Parameterizing Surfaces Examples

# Parameterizing Surfaces Examples

On the Parameterizing Surfaces page, we saw many different ways to parameterize various surfaces in $\mathbb{R}^3$. We will now look at some examples of parameterizing surfaces.

## Example 1

Let $g(y) = \cos y$. Parameterize the surface generated by rotating $g$ about the $y$-axis $270^{\circ}$ for $-\pi ≤ y ≤ \pi$.

The curve that we are rotating, $x = \cos y$, about the $y$ axis shown below: Let $y(y, \theta) = y$. Then we'll have that $x(y, \theta) = g(y) \cos \theta = \cos y \cos \theta$ and $z(y, \theta) = g(y) \sin \theta = \cos y \sin \theta$. The restrictions to our parameters $y$ and $\theta$ are that $-\pi ≤ y ≤ \pi$ and $0 ≤ \theta ≤ \frac{3 \pi}{2}$ and so parametrically we have that this surface is given by:

(1)
\begin{align} \quad \vec{r}(y, \theta) = \left\{\begin{matrix} x(y, \theta) = \cos y \cos \theta \\ y(y, \theta) = y\\ z(y, \theta) = \cos y \sin \theta \end{matrix}\right. \quad -\pi ≤ x ≤ \pi \: , \: 0 ≤ \theta ≤ \frac{3 \pi}{2} \end{align}

The following is a graph of the surface generated by our parametric equations. ## Example 2

Parameterize the sphere of radius $a ≥ 0$ centered at the origin.

A sphere of radius $a ≥ 0$ is given by $x^2 + y^2 + z^2 = a^2$. This sphere can be parameterized by using spherical coordinates. Let $x = a \sin \phi \cos \theta$, $y = a \sin \phi \sin \theta$ and $z = a \cos \phi$. Then we have that the following parameterization of this sphere:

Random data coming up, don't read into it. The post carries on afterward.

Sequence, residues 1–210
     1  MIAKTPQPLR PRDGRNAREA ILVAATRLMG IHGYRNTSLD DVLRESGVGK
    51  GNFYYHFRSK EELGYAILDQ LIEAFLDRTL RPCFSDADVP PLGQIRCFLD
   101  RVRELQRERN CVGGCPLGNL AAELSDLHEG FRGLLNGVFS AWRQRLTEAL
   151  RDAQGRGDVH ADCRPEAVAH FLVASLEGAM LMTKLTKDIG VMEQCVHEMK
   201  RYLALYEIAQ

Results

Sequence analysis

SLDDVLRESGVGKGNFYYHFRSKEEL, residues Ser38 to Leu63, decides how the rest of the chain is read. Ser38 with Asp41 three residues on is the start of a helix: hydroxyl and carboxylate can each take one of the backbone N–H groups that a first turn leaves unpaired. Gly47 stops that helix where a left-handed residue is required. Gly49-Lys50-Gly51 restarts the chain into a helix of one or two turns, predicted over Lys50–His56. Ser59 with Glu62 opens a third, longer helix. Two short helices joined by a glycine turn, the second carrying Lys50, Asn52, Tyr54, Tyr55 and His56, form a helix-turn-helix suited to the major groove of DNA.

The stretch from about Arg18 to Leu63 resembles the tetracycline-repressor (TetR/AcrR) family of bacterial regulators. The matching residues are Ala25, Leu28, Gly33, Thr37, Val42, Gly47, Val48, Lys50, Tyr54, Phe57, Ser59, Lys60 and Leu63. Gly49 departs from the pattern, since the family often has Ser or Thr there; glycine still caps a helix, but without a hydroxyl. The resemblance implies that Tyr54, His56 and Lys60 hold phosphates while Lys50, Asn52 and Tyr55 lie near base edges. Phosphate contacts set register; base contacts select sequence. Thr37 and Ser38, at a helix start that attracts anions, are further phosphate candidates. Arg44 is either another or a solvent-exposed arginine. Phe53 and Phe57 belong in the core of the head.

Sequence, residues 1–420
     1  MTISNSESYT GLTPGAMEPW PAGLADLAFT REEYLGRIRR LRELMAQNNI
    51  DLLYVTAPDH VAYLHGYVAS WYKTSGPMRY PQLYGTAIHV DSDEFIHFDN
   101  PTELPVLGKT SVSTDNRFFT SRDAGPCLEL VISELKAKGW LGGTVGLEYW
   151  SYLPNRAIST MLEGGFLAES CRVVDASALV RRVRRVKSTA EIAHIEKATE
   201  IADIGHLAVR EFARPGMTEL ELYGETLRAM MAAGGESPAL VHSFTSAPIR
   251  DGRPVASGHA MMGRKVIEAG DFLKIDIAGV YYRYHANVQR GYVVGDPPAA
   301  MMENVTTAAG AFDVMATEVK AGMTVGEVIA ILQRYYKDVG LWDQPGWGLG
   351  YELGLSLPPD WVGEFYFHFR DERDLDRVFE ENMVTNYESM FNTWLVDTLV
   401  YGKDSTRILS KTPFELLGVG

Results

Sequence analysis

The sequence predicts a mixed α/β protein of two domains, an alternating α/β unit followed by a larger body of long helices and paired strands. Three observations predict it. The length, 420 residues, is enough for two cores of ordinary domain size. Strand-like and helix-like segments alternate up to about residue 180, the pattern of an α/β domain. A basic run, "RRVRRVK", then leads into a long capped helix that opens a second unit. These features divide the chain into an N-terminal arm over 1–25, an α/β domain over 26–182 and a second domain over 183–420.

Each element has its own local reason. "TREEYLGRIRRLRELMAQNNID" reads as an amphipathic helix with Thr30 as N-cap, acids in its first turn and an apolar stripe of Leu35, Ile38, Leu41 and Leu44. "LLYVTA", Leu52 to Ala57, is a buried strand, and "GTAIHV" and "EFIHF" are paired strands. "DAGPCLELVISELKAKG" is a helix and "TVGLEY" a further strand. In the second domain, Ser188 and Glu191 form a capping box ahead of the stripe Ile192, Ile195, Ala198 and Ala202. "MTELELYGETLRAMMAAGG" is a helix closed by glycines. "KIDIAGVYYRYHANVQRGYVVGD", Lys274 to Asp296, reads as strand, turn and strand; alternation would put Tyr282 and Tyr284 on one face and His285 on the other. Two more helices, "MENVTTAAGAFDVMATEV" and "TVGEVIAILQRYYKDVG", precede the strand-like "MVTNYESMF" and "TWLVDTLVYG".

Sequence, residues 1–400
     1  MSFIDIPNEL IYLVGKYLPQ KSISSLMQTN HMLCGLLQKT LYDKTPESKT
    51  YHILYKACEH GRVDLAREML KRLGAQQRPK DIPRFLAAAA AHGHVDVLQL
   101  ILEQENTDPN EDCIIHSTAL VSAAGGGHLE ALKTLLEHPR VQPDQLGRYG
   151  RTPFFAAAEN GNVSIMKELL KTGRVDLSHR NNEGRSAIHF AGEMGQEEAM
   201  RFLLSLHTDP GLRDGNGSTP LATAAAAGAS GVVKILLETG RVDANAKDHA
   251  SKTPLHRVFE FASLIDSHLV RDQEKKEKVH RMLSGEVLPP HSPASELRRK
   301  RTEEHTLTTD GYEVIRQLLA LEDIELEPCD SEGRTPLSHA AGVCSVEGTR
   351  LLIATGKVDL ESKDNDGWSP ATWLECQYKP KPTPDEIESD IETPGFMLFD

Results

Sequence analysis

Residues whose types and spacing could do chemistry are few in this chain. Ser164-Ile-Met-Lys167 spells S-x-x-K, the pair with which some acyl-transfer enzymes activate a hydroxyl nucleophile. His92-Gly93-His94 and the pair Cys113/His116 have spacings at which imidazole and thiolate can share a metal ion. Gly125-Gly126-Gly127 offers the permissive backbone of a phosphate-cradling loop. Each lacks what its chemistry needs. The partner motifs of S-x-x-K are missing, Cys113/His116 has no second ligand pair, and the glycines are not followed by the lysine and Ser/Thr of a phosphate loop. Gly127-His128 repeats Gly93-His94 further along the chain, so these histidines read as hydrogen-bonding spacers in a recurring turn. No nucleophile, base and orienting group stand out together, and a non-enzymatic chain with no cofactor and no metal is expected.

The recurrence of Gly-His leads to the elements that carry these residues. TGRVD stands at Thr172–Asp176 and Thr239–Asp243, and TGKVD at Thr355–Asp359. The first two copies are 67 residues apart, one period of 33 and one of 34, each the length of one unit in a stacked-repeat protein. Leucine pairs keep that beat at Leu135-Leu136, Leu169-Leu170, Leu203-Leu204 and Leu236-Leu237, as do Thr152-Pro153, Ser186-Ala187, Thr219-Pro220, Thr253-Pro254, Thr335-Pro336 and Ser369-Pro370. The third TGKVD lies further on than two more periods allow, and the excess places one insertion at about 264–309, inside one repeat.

(2)
\begin{align} \quad \vec{r}(\phi, \theta) = \left\{\begin{matrix} x(\phi, \theta) = a \sin \phi \cos \theta \\ y(\phi, \theta) = a \sin \phi \sin \theta \\ z(\phi, \theta) = a \cos \phi \end{matrix}\right. \quad 0 ≤ \phi ≤ \pi \: , \: 0 ≤ \theta ≤ 2\pi \end{align}

## Example 3

Parameterize the surface $z^2 = y + 4x^2$.

We can rewrite the equation above as $y = z^2 - 4x^2$, and so we wish to parameterize the surface generated by the function $g(x, z) = z^2 - 4x^2$. Let $x = u$ an d$z = v$. Then $y = g(u, v) = v^2 - 4u^2$ and thus a parameterization for this surface is given by:

(3)
\begin{align} \quad \vec{r}(u, v) = \left\{\begin{matrix} x(u, v) = u \\ y(u, v) = v^2 - 4u^2 \\ z(u, v) = v \end{matrix}\right. \end{align}

A portion of the surface generated by the parametric equations above is shown below: